New archaeological season begins in Burnt City

November 10, 2019

TEHRAN – A group of Iranian archaeologists and fellow international experts have recently commenced a fresh round of exploration in the Burnt City, a UNESCO-registered site in southeastern Iran.

Called “Shahr-e Sukhteh” in Persian, the Burnt City is associated with four rounds of civilization, all burnt down by catastrophic sets of fire. It is situated in Sistan-Baluchestan province, which was once a junction of Bronze-Age trade routes crossing the Iranian plateau.

“The 18th archaeological season in the prehistorical site of Shahr-e Sukhteh has begun in collaboration with the Italy’s University of Salento and [the project] will last for 35 days,” senior Iranian archaeologist Seyyed Mansour Seyyed Sajadi said on Saturday, IRNA reported.

Founded around 3200 BC, the Burnt City was populated during four main periods up to 1800 BC. Previous rounds of excavations showed that its residents had great skills in weaving, creating fine arts such as decorative objects, stone carving, and pottery painting.

“This excavation work takes place in a [formerly] residential area of the 5,000-year-old site.”

“The goal is to reach older urban sections because most of the excavations so far have been related to the second, third, and fourth periods and less information about the times prior to these eras,” the expert noted.

The expert also addresses some limitations that such a project faces in the country, adding “Given some limitations, [our] excavation is focused on studies of zoology, botany, and anthropology because these excavations could yield a lot of information about the animals, plantation and human life in the Burnt City.”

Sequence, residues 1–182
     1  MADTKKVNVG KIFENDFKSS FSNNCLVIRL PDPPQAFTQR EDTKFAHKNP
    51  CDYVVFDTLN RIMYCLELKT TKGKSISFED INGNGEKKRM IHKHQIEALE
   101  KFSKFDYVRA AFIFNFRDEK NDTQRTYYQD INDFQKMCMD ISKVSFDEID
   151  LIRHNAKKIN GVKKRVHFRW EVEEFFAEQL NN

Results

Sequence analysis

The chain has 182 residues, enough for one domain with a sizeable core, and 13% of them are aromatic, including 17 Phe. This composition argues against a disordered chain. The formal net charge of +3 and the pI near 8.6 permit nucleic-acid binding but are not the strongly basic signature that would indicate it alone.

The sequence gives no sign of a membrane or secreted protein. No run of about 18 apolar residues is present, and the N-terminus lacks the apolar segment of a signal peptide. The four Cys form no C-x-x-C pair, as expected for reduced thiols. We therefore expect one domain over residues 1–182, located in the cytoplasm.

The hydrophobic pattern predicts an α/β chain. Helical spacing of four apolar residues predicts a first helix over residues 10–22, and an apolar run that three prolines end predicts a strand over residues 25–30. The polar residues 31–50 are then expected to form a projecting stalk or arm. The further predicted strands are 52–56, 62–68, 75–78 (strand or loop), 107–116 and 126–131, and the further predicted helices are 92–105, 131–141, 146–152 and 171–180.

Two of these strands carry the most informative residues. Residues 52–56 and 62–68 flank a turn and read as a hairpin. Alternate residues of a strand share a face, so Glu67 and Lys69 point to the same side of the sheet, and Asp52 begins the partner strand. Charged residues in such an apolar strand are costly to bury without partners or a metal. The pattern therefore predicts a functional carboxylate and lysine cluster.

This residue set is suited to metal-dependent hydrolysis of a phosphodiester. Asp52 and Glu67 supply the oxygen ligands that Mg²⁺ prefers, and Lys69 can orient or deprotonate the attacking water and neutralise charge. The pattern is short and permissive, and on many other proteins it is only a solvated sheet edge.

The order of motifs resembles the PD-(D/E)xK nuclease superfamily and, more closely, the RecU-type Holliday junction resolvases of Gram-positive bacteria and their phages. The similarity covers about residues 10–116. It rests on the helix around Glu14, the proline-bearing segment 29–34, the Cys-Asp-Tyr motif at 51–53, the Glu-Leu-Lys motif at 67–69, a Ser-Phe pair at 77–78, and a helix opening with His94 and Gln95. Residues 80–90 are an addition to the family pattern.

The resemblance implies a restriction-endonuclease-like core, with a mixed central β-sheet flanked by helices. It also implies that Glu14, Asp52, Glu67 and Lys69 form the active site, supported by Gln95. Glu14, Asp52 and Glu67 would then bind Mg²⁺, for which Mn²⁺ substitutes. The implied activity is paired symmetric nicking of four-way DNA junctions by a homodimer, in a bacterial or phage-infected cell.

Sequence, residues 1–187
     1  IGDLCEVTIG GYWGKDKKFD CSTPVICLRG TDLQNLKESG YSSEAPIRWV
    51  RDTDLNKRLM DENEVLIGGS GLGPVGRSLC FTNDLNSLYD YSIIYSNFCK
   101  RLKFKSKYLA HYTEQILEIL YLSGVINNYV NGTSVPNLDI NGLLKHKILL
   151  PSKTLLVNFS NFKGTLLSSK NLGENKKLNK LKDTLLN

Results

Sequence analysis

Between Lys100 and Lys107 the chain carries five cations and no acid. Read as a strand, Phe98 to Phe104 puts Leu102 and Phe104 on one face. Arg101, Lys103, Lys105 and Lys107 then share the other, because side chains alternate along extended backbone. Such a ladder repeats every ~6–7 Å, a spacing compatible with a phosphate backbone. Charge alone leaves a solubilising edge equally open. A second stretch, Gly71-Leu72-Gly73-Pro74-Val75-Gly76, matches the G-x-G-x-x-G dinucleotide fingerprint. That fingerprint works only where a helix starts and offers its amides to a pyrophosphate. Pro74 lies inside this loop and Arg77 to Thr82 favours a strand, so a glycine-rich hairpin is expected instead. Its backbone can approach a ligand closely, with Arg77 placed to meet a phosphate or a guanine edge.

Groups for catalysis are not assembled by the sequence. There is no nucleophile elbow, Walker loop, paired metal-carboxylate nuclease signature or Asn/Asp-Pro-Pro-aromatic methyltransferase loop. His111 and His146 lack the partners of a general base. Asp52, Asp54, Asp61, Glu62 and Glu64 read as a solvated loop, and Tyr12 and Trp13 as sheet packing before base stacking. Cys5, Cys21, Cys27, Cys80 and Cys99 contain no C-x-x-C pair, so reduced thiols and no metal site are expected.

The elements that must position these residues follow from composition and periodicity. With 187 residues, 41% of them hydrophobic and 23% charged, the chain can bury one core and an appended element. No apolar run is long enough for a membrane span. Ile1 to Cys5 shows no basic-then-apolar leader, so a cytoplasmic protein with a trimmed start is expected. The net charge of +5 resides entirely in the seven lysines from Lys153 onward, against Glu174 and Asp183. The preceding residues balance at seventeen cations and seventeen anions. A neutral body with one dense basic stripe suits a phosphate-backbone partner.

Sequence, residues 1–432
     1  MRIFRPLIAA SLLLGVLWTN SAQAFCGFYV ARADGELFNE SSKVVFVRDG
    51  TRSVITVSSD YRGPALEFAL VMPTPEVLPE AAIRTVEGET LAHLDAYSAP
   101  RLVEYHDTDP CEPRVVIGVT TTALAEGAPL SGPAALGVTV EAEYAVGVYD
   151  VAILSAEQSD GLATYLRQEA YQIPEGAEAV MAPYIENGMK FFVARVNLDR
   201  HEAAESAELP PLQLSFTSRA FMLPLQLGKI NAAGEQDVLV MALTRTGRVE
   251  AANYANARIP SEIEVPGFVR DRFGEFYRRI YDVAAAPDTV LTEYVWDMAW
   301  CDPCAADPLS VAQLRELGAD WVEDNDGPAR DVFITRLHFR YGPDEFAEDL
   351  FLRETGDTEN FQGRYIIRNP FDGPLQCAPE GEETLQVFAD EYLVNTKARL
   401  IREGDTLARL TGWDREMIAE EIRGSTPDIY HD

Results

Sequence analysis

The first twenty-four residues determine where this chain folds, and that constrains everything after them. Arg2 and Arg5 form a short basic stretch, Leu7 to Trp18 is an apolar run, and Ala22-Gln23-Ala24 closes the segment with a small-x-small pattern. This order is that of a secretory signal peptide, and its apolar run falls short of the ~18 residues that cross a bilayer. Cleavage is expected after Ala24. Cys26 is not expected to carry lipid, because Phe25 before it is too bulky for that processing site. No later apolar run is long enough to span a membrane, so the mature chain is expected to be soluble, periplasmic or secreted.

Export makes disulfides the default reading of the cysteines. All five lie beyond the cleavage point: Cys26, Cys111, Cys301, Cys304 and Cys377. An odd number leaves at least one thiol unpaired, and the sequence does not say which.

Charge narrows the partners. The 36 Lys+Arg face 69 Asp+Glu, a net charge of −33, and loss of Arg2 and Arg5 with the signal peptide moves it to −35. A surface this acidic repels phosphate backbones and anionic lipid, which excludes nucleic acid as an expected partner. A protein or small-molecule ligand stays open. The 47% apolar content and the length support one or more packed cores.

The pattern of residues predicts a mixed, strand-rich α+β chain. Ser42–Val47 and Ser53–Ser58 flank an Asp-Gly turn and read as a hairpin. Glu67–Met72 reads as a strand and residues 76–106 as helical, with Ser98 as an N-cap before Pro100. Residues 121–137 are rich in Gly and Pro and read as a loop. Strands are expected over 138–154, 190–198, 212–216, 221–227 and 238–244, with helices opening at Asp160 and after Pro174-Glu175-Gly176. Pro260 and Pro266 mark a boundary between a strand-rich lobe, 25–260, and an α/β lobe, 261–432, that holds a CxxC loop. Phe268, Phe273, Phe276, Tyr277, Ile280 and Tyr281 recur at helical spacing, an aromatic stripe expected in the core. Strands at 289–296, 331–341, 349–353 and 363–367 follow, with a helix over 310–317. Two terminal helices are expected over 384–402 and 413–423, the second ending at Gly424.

Back in May, archaeologists discovered remains of a prehistoric monkey in the Burnt City, concluding that the animal was held in captivity in a cage when it died.

Based on surveys and scientific studies on the monkey’s skeleton, the animal was dead in captivity in a cage and it was buried by its owner like a child within a beautiful container, Seyyed Sajjadi noted at that time.

Talking on the importance of the discovery, the archaeologist cited two reasons: “First, this type of monkey is not originally lived in the Iranian Plateau and based on [our] studies, such an animal was found [in a region] from northern India to the borders of China and Central Asia, so the monkey was one of the imported goods to the Burned City.”

“Since the Burned City had lots of commercial relations with the eastern territories of Iran such as northern India and central Asia, and there is a lot of information in this regard, we found that the monkey came from there.”

“The other issue is that in the ancient world, monkeys were essentially regarded as a luxury and aristocratic belongings. And they were imported to be presented to people of certain social classes such as elites, merchants, governors and religious authorities,” he explained.

Founded around 3200 BC, the Burnt City was populated during four main periods up to 1800 BC. Previous rounds of excavations showed that its residents had great skills in weaving, creating fine arts such as decorative objects, stone carving, and pottery painting.

AFM/MG

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